The Genetic Information Nondiscrimination Act (GINA) is a federal statute that was enacted in 2008 to protect employees and other individuals from being discriminated against on the basis of his or her genetic information.
As genetic testing gets more advance, it is becoming more common for people to have their genetic information tested. For example, the BRCA1 and BRCA2 genes have been shown to increase the risk of breast and ovarian cancer. Some women with these genes have chosen to have preemptive surgery to remove breast or ovarian tissue to prevent cancers.
GINA prohibits insurers from charging higher premiums to an otherwise healthy person with a genetic disposition for a disease. Additionally, GINA prohibits employers from using an individual’s genetic information to make decisions about hiring, firing, job placement, or promotions.
GINA was necessary because many people with a family history of cancer or other diseases were afraid to get genetic testing. Because certain types of genes have a high likelihood of causing disease, there were fears that these genetic markers could be used against the person who carries them. For instance, if an employer knew that a job applicant had a genetic predisposition to cancer or heart disease, that information could be used to justify not hiring that person in case he or she gets sick later on.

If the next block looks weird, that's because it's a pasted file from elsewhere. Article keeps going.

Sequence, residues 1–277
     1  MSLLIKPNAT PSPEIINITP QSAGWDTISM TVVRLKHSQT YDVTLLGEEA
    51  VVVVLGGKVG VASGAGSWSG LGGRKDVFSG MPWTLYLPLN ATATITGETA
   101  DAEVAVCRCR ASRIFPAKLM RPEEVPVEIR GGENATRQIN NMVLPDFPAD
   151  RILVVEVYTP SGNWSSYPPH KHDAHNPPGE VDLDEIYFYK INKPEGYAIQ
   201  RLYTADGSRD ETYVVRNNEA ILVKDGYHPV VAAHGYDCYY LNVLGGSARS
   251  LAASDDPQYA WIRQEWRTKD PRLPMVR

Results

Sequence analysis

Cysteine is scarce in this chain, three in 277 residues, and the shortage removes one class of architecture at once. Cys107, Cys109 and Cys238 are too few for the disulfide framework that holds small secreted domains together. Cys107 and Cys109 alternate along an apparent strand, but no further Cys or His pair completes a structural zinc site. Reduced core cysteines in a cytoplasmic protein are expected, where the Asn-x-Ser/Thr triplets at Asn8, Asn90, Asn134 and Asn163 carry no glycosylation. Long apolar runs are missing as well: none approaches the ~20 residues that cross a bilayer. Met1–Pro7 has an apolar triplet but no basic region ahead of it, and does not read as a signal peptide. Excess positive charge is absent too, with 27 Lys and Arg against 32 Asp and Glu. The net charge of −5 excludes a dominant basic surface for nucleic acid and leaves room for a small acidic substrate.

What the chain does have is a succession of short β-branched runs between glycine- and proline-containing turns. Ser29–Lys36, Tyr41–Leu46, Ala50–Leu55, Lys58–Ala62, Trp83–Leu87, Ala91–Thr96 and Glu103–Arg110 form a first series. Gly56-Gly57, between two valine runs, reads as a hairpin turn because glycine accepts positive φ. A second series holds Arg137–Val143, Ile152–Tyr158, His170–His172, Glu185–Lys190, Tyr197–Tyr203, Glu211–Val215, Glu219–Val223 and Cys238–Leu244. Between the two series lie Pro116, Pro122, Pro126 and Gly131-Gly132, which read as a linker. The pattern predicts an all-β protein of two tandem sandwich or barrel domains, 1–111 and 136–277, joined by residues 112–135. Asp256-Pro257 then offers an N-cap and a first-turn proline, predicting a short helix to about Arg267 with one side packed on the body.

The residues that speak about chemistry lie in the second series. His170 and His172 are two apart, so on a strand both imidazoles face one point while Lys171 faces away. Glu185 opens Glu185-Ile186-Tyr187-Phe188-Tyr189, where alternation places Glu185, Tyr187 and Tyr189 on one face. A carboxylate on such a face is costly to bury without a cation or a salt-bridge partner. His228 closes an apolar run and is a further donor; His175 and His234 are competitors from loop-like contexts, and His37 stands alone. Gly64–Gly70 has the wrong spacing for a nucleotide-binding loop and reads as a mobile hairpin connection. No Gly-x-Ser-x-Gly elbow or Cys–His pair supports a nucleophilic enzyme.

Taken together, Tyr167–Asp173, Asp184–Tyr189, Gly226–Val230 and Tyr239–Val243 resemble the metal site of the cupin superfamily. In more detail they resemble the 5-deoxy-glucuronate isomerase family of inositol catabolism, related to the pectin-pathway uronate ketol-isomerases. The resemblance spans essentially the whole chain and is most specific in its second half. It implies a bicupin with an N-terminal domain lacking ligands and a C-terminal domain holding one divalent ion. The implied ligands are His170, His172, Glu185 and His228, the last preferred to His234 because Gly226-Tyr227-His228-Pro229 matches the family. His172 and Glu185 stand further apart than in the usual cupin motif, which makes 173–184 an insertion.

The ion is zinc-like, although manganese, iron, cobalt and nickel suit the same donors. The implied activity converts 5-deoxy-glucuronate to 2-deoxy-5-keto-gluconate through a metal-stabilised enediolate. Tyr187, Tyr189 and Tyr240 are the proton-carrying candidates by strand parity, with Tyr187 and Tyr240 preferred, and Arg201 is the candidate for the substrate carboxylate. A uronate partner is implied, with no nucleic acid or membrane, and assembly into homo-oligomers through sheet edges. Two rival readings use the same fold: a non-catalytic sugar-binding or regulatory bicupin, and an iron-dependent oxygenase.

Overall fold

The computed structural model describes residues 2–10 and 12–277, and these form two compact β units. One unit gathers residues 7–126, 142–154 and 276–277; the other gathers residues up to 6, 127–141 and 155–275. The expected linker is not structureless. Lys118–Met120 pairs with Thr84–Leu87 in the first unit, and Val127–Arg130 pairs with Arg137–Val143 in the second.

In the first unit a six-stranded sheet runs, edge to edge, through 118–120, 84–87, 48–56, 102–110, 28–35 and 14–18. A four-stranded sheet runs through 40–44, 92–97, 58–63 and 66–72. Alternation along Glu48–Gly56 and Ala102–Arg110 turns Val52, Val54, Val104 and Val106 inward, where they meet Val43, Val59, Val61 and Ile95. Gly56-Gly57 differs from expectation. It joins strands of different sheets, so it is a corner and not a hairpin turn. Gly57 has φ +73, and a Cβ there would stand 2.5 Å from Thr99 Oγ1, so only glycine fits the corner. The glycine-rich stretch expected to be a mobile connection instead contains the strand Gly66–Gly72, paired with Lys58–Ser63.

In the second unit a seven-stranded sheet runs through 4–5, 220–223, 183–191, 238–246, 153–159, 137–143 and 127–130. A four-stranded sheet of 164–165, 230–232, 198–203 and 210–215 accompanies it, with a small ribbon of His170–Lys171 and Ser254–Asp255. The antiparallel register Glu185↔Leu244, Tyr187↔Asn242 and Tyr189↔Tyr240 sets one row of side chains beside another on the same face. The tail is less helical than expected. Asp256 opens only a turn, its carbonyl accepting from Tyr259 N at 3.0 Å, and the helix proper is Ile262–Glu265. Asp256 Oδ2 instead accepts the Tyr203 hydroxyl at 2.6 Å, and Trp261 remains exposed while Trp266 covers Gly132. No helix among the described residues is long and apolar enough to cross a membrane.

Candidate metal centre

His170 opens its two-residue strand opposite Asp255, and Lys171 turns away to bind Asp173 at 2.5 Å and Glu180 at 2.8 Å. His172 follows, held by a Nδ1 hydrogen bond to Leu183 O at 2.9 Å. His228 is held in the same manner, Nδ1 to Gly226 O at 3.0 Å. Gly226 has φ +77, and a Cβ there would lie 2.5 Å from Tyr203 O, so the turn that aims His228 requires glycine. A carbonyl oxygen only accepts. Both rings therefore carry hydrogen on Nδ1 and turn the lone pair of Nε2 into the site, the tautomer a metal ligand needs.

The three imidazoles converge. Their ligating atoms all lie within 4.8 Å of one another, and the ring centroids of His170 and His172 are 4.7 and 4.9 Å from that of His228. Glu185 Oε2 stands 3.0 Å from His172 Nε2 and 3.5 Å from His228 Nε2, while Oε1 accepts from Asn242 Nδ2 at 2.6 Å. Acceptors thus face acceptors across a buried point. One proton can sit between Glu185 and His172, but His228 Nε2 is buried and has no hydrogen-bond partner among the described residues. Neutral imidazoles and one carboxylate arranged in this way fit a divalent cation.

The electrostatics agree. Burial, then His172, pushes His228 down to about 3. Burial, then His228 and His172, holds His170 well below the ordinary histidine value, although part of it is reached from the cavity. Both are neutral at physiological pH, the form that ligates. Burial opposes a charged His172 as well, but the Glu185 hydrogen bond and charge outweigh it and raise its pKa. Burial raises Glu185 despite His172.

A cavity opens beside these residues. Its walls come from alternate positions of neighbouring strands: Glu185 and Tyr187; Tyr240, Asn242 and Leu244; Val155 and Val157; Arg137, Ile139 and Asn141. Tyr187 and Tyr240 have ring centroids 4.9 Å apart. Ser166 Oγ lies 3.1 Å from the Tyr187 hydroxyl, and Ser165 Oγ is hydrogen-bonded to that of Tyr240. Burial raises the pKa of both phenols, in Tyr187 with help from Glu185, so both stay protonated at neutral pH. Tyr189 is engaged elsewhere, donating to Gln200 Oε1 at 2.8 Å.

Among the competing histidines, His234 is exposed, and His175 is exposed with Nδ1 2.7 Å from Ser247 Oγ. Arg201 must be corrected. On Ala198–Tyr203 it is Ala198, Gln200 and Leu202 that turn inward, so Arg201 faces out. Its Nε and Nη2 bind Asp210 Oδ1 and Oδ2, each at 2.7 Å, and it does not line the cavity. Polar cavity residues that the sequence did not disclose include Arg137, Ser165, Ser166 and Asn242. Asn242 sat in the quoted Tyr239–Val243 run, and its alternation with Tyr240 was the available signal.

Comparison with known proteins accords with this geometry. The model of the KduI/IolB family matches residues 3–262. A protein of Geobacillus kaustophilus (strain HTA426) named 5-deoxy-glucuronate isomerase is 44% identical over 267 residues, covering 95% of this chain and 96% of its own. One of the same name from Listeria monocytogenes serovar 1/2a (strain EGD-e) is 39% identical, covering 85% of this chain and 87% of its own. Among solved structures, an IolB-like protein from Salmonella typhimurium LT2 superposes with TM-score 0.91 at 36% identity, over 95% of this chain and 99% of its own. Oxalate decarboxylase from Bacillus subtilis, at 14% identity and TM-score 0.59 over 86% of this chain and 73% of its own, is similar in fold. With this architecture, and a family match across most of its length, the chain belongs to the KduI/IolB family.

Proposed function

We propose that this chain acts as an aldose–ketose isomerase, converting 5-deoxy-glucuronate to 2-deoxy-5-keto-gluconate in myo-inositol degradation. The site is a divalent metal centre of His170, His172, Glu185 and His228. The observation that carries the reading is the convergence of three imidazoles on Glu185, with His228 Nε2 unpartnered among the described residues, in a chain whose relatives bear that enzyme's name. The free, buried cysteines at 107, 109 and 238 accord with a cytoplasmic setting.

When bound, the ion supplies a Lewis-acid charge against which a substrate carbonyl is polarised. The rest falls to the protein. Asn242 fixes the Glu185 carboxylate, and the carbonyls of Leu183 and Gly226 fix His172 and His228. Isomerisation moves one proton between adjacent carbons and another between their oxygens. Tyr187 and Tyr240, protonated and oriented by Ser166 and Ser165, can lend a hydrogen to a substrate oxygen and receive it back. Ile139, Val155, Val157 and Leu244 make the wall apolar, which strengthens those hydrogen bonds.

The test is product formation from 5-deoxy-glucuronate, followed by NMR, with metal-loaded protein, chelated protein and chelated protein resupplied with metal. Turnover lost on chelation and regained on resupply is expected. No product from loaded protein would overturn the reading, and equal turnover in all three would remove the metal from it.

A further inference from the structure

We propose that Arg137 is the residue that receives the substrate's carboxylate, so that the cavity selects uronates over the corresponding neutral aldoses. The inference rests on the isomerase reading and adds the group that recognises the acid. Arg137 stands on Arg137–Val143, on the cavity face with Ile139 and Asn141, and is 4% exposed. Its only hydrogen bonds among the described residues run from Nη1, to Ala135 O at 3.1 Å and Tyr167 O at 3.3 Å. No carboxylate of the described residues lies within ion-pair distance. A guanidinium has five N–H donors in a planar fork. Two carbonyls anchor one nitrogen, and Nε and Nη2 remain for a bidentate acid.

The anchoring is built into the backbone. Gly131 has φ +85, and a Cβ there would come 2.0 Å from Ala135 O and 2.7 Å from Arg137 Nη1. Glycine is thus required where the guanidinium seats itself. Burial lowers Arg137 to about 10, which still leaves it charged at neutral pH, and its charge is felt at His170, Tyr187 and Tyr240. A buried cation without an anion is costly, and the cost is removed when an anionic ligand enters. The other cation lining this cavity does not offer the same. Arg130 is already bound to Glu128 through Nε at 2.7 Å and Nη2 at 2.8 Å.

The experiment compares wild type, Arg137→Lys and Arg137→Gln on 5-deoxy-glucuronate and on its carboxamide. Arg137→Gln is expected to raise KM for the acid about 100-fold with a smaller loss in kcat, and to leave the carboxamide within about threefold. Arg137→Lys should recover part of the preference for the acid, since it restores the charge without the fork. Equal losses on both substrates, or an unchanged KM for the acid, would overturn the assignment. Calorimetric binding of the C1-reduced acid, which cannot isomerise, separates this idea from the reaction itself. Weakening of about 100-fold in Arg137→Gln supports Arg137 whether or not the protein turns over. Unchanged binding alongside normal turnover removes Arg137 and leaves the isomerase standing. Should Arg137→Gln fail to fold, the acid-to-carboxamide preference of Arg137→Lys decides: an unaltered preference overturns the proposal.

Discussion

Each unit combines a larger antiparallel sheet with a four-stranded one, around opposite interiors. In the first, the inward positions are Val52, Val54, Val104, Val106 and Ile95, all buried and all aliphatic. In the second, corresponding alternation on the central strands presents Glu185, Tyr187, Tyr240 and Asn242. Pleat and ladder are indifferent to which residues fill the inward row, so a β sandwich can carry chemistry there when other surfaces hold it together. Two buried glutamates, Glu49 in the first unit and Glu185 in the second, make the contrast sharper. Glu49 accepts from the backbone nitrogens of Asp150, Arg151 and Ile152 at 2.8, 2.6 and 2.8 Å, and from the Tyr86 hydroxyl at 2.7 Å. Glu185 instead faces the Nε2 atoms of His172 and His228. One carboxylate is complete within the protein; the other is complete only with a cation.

Since the law is relatively new there have been few lawsuits regarding GINA around the country. The first case involving the law happened in 2013, after the Equal Employment Opportunity Commission (EEOC) sued a distributor in Oklahoma. That company required a job applicant to undergo a post-employment medical exam.
As part of the exam, the applicant was required to fill out a medical questionnaire which required her to provide information about her family medical history, including any instances of heart disease, hypertension, cancer, tuberculosis, diabetes, arthritis, or mental disorders.
The EEOC prosecuted a similar GINA case in 2014. In that case, a New York nursing and rehabilitation center agreed to pay $370,000 to settle its discrimination lawsuit. The company had also required family medical histories from potential employees during its post-offer, pre-employment medical screening. A third case in Pittsburgh was resolved in 2016 after the EEOC filed a similar lawsuit due to family medical history questions during its pre-employment medical screening.
Employees and job applicants should be aware that it is illegal under GINA for an employer to request their family medical history. This includes questions about extended relatives as well as questions about spouses, children, or parents. If an employer violates GINA, the company can be held responsible for damages in a subsequent lawsuit by an employee or job applicant.
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